Grover Hot Spring’s mineral springs burst out from the ground, a testimony to the geological and geothermal forces that have formed this environment. Grover Hot Springs State Park is situated in a slot of the High Sierra approximately an hour’s drive southeast of Lake Tahoe. The springs, located just west of the peaceful mountain settlement of Markleeville, were discovered by a non-Native American in 1844 by John C. Fremont, the explorer who is credited with the first documented view of Lake Tahoe. Historians have not reached a consensus on this issue. But no one can deny that since the 1850s, people have come to these healing waters to “take their cure.”

Six separate springs with low sulfur levels supply the park’s pools. That means you won’t get that strong “rotten-egg” odor that many hot spring pools had. The water comes from the earth at a scorching 148 °F, but it is cooled before being pumped into the park’s two concrete pools—one for soaking at a safe 103 °F and the other for swimming and diving.

The pools are open for most of the year (hours may change during the off-season/winter season. The state park also includes fishing, picnic sites, and a 76-site campsite with bicycling and hiking paths, some of which are simple scrambles for the kids (don’t miss the trip to the waterfall along Hot Springs Creek) and others that are longer excursions into neighboring alpine regions.

Desert Hot Springs

Desert Hot Springs is a village in Riverside County, California, in the United States. The majority of tourists come to unwind in the desert and at one of the numerous hotels/spas. The naturally hot mineral waters pouring into the bathing pools are heated by the earth’s lava and are unique in that they have no sulfur odor or smell.

The hot water table is actually higher than the cold water table, and it is so close to the surface that it seeps out of the ground in certain locations. Soaking in naturally heated mineral waters is therapeutic for individuals suffering from arthritis, bursitis, muscle tiredness, or injury, and is generally good for the body. In certain areas, the wells register temperatures as high as 140 degrees, necessitating cooling of the waters before they enter the soaking pools.

The waters that flow into the pools also flow out into retention basins, where they gently soak back into the ground. Because the pools are continuously replenished with new water, less chlorine is needed.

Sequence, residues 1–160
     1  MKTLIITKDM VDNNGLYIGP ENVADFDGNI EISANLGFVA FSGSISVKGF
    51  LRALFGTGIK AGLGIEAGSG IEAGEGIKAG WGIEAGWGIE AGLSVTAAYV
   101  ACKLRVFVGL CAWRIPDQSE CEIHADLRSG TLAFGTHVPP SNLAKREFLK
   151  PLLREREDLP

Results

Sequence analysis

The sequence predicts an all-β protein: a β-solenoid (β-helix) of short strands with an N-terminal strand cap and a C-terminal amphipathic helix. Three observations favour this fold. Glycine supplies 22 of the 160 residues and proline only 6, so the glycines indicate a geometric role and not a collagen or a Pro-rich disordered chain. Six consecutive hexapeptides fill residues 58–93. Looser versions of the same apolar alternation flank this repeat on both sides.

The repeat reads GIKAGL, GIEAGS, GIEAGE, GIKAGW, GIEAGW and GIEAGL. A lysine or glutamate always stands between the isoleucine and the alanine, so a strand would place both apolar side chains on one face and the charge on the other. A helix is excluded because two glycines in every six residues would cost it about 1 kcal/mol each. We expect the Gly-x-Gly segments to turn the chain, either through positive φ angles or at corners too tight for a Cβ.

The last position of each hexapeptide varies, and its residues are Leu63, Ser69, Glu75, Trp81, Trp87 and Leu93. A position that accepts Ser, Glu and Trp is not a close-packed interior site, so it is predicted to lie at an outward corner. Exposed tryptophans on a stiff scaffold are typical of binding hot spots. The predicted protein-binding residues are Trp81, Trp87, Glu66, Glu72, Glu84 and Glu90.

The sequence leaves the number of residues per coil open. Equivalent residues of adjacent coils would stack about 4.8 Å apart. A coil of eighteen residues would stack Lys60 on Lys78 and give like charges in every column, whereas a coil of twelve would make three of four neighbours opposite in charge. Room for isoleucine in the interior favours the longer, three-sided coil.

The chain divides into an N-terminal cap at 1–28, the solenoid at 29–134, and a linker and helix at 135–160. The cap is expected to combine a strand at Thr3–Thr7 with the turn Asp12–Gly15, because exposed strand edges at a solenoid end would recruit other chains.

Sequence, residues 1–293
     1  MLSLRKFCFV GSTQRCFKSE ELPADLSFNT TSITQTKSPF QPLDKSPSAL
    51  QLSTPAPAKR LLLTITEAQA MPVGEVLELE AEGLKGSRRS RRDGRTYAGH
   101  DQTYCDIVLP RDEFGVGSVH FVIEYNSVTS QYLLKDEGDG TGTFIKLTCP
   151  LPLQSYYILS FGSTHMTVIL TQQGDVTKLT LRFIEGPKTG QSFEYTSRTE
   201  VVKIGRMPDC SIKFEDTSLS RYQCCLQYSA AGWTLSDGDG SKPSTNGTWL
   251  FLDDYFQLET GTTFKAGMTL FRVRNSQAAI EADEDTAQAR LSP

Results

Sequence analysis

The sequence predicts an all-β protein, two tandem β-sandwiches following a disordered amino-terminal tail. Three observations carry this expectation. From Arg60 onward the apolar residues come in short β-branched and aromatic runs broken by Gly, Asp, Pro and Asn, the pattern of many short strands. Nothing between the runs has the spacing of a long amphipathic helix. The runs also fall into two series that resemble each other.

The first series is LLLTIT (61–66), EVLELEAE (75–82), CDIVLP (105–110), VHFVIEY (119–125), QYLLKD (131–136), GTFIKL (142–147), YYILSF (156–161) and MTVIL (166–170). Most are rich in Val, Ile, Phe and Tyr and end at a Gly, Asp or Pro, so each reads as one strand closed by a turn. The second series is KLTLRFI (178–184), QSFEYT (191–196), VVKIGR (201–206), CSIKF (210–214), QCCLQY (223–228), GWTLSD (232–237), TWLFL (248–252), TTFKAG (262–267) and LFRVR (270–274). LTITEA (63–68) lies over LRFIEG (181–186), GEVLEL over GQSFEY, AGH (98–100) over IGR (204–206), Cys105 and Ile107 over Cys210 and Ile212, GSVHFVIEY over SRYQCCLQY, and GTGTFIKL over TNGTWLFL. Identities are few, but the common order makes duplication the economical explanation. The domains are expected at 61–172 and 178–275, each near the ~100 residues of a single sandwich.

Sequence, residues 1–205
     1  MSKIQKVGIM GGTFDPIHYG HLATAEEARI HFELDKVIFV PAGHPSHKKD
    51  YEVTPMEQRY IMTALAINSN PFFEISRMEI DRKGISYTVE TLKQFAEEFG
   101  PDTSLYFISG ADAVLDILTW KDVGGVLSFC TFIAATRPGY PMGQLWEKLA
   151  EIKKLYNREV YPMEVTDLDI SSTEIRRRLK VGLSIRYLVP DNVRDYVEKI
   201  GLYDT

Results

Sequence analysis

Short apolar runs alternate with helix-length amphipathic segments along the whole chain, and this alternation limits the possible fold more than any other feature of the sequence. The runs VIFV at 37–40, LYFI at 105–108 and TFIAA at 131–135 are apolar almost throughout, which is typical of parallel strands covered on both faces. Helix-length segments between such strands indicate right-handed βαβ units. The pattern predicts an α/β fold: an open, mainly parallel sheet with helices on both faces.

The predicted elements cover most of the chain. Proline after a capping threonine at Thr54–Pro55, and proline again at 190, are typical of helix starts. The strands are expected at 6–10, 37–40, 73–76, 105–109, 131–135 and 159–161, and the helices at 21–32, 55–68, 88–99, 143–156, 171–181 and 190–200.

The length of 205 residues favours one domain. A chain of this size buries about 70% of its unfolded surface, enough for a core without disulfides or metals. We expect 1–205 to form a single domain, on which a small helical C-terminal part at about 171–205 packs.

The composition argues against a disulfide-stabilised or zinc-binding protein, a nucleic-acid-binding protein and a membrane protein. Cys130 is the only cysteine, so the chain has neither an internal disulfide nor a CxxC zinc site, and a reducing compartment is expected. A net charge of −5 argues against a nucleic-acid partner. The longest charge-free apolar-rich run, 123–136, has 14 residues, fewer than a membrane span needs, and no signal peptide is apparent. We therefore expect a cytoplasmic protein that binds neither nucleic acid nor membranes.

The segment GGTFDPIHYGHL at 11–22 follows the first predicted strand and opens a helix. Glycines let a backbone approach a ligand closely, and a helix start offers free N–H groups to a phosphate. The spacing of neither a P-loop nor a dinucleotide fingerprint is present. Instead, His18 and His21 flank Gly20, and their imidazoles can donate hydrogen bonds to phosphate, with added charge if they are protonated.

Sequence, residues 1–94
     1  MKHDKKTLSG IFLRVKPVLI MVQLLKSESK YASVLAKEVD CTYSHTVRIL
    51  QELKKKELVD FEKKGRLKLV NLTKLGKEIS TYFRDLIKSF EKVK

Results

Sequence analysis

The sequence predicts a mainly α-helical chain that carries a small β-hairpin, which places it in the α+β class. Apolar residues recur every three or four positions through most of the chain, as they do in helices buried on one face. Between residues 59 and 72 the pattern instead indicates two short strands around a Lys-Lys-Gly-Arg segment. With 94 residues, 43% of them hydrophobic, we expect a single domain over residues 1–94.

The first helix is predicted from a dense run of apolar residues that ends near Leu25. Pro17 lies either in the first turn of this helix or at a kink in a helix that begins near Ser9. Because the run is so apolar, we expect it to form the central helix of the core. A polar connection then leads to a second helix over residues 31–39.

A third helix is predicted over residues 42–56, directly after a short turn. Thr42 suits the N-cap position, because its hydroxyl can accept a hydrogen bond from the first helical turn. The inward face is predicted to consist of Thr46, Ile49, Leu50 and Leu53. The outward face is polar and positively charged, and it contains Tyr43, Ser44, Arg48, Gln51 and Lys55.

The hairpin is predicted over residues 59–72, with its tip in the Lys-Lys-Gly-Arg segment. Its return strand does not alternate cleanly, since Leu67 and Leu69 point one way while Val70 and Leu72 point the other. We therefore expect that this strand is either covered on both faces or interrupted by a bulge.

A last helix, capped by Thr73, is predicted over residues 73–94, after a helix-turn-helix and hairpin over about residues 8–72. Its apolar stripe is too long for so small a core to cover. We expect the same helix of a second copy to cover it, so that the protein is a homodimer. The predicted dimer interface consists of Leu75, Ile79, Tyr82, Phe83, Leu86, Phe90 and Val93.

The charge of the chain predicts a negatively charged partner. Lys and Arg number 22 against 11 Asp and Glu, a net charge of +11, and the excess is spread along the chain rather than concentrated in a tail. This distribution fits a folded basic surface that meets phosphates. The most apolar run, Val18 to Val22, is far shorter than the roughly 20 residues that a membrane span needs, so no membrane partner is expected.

The Sierra Hot Springs

The Sierra Hot Springs Resort & Retreat Center is a non-profit resort that focuses on spirituality, health, and healing. It’s approximately a 90-minute trip from Lake Tahoe or a four-hour journey from San Francisco.

Accommodations include a big lodge structure with rooms and suites, as well as numerous camping sites.

The mineral pools are available 24 hours a day, seven days a week. The Temple Dome is a huge geodesic dome with a sand-bottomed hot pool and two cold plunges within. A huge heated pool with a wide sundeck and a dry sauna may be found outside. A heated meditation pool with fake rock landscaping and a sand bottom is also available outside. The pools are clothing-optional in the European manner, but the resort isn’t really.

Many well-known spiritual and therapeutic practitioners and lecturers conduct sessions and lectures at the resort, and there is usually a full schedule of courses.

Conclusion

Hot springs are an incredible way of getting away from daily life problems, and they can be a cheap on-the-fly trip or a planned weekend. These hot springs listed above are the best hot springs in California. These hot springs are both private and public hot springs so decide first whether you want to spend some money and want to stay at luxury hotels or just want to enjoy a natural bath and same-day return trip.